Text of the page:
The secret here is now each and every tweet needs to break through a barrier into the “recommended tweets” and “top tweets”–effectively needing to make it as close to being a trending topic as possible, so that the secondary consumers (the Topsies of the world) take notice of your work. In other words, we’ll need retweets now more than ever before:
The more retweets a link receives, the better it seems to perform in search results and the more visibility it obtains with the social media aggregators referenced above. With Topsy, for example, a URL that makes it into their top 100 list achieves much more visibility than a single tweet.
A caveat, however, is that all of this is some more 3D chess: even if you start getting loads of retweets–for example, setting it up so that everyone in your multinational, global, company retweets everything you post to Twitter–that’s only the first part.
Popularity without importance suggests fraud and gaming unless there is a secondary and tertiary rash of retweets, suggesting that maybe this low-caste, low-importance tweet contains news that is highly important, timely, rare, and powerful in much the same way that the influence and importance–where in the A-list you are listed–is conferred to you.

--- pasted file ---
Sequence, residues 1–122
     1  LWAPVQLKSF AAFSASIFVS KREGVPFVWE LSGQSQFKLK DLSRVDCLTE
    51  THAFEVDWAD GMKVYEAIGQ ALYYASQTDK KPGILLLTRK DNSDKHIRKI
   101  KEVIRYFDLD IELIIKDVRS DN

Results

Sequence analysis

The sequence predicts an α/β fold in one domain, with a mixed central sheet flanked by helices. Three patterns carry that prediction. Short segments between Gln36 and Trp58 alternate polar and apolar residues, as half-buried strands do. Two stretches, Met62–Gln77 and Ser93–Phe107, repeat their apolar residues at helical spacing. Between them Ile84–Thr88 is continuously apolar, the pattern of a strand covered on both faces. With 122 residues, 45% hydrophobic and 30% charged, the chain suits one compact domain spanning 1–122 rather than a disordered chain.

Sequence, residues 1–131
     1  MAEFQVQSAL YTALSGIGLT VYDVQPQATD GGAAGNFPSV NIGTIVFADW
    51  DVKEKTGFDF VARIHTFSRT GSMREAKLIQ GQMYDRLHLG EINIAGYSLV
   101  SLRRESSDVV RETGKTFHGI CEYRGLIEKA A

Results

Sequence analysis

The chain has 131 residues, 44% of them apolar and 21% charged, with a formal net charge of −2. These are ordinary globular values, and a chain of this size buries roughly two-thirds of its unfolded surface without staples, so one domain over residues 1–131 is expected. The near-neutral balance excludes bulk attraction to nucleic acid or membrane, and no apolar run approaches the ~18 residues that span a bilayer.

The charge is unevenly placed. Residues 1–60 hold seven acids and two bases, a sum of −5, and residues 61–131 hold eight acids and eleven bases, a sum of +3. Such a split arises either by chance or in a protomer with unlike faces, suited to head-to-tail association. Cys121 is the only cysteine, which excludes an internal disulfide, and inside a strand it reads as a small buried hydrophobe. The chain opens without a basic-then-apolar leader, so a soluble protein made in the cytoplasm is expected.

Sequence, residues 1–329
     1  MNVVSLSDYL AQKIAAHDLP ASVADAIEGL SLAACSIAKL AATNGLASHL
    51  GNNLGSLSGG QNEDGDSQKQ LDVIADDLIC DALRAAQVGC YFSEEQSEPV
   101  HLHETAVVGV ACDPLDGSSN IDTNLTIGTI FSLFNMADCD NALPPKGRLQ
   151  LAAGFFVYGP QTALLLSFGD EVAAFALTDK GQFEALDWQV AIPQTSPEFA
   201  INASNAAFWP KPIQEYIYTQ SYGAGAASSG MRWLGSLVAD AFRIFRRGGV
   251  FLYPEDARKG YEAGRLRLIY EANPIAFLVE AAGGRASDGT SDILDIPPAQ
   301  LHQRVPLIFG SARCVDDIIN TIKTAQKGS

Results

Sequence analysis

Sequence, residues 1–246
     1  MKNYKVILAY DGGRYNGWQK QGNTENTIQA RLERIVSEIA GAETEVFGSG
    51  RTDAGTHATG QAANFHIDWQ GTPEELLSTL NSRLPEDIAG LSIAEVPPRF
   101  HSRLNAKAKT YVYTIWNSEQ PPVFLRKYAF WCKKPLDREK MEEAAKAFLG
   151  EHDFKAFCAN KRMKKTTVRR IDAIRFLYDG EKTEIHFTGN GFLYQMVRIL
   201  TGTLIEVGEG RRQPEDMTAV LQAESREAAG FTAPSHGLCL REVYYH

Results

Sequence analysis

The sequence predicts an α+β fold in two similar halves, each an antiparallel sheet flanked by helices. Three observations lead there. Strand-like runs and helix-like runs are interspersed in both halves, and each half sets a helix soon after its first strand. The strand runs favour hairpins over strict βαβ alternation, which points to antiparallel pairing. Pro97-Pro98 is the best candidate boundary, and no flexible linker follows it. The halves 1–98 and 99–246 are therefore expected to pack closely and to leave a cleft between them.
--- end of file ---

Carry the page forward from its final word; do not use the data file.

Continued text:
Well, search is a continuity of tactics and strategies. All of the tools that worked a decade ago are still being considered as part of the algorithm. Information architecture and proper SEO strategy is essential still, no matter how influential social media, online social networks, and personal and brand prestige have become, it is still only a portion of what really put you, solidly, reliably, on page one of Google.
While social can get you there for a couple hours, a proper organic search engine optimization strategy will help nail you to the first page. Cyrus Shepard of SEOmoz says it best in his last line of his article:
Tweets or Google shares alone don’t yet equate to long term ranking nirvana. Employing a synergistic combination of social media and technical SEO savvy provides the best recipe for success.